An increased level of serum N-acetyl-β-D-glucosaminidase can often be found in alcohol addicts. A statistically significant increase in the catalytic concentrations of NAGA and its isozymes was determined in a group of subjects with the diagnosis of liver cirrhosis and in an alcohol addicts' group in comparison to the control group. There was no statistically significant difference in the catalytic concentrations of NAGA and its isoenzymes between the subjects' group with liver cirrhosis without an alcohol genesis and the alcohol addicts' group. Furthermore, a statistically significant difference was found between the control group and the alcohol addicts' group. This is why it is important to determine the total level of catalytic NAGA concentrations as well as the catalytic concentrations of its isozymes when diagnosing alcohol dependence. The obtained results indicate that the determination of the catalytic NAGA concentrations is not a highly specific marker for alcoholism. The aim of the present paper was to examine the NAGA concentration in alcohol addicts treated at the Department of Psychiatry, and to question its value as a marker for alcohol dependence. Subjects treated from alcohol addiction as inpatients and patients with liver cirrhosis not caused by the alcohol's toxic activity took part in the study. The control group consisted of healthy volunteers. When compared to the healthy volunteers, alcohol addicts showed a statistically higher NAGA concentration in serum.
Keywords: N-acetyl-beta-D-glucosaminidase; alcohol dependence; liver cirrhosis
One of the priorities in medical research, as well as in mental disorders' research, is the identification of biological markers. Alcohol dependence is a complex condition and very often, when we try to diagnose it, we are faced with certain difficulties despite our experience and available diagnostic methods. In order to make an objective diagnosis, markers which would be characteristic of certain entities are tried to be identified. A trait marker represents the characteristics of pathophysiological processes which precede the clinical expression of the disorder, and possibly causes the disorder itself. It is also specific to certain conditions even without a clinical picture. In contrast, a state marker reflects a clinically manifested cluster of symptoms and signs. 1,2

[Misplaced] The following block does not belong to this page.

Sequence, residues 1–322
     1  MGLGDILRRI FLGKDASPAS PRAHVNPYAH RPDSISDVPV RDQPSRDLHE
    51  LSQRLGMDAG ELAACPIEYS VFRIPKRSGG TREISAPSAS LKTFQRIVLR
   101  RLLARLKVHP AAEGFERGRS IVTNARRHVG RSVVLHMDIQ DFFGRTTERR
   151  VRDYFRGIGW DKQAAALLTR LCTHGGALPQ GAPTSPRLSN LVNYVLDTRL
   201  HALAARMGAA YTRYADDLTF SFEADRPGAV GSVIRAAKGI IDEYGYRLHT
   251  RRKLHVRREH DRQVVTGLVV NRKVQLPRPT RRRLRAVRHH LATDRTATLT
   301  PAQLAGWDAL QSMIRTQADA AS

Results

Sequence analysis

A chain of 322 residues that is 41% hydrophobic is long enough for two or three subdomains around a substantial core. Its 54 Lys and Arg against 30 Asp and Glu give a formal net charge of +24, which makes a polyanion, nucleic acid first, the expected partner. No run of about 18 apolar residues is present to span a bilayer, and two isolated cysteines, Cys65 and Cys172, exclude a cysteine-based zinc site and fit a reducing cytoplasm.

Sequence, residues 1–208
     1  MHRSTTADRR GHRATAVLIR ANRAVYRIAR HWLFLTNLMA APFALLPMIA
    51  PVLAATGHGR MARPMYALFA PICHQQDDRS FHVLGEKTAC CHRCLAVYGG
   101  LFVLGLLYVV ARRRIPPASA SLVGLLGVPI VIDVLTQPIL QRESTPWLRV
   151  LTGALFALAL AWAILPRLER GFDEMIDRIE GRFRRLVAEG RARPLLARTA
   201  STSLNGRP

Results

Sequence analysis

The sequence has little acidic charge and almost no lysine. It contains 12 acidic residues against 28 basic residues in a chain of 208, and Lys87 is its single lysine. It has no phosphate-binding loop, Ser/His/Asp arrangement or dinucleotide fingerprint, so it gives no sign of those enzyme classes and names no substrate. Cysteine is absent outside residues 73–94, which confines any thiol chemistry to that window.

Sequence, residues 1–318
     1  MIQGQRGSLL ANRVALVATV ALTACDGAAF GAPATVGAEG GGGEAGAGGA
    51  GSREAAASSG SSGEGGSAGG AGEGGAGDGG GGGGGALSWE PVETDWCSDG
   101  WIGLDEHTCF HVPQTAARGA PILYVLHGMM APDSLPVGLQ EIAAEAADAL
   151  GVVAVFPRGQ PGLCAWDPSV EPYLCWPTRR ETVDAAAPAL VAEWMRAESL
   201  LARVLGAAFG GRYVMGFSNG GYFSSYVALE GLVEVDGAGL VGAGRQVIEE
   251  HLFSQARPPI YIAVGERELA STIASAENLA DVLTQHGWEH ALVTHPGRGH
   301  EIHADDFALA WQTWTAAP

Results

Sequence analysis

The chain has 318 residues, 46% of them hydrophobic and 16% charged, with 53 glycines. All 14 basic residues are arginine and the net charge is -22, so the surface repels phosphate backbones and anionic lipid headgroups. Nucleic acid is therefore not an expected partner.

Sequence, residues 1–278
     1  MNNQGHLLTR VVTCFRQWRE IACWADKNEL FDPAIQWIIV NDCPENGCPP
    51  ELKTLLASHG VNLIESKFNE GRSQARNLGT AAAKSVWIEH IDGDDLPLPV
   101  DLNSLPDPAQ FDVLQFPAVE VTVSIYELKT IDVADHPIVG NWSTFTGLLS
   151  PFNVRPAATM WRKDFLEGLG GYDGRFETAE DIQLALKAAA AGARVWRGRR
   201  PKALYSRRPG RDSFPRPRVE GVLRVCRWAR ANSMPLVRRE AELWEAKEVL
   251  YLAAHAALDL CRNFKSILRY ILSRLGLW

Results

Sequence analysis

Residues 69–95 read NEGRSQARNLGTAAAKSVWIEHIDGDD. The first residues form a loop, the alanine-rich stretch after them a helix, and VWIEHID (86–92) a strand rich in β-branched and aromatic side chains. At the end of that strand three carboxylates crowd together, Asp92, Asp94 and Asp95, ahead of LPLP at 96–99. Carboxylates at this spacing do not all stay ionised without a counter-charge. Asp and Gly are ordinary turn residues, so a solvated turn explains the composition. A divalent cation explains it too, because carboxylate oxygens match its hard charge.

Extensive alcohol consumption impairs liver cells, which leads to cell enzyme liberation. Besides this, alcohol causes the microsomal enzyme induction, which leads to the increase in the catalytic concentration of membrane-associated enzymes in serums. This is why defining these enzymes' catalytic concentrations (aminotransferase, gamma - glutamyltransferase, glutamate dehydrogenase, monoaminoxidase) is one of the indicators of alcoholism.3-5
N-acetyl-β-D-glucosaminidase (NAGA) is a lysosome hydrolase that can be found in low catalytic concentrations in healthy people's serum.6 It is composed of a group of glycoprotein isoenzymes which are divided into two main forms based on the difference in the molecular charge: NAGA-A and NAGA-B, and a few additional forms (NAGA-S, NAGA-P, NAGA-Il, NAGA-12).7
Isoenzymes NAGA-A and NAGA-B can be found in tissues and serum. They are made of a and β subunits: NAGA-A consists of an a and a β subunit, while NAGA-B of two β subunits. NAGA' s metabolism was examined in vitro and in vivo in rats. It was found that the tissue forms of NAGA-A and NAGA-B are eliminated quickly from the circulation (t V2 < 2 min). In contrast, serum forms of NAGA-A, NAGA-B and NAGA-P are eliminated much more slowly (t V2 = 2-4 hours).8
It was determined that on the surface of endothelium and mononuclear macrophages there are glycoprotein receptors which mediate the entrance of lysosome enzyme tissue forms into the endothelium cells, recognizing the terminal residue of oligosaccharide chains which end in mannose or N-acetylglucosamine. …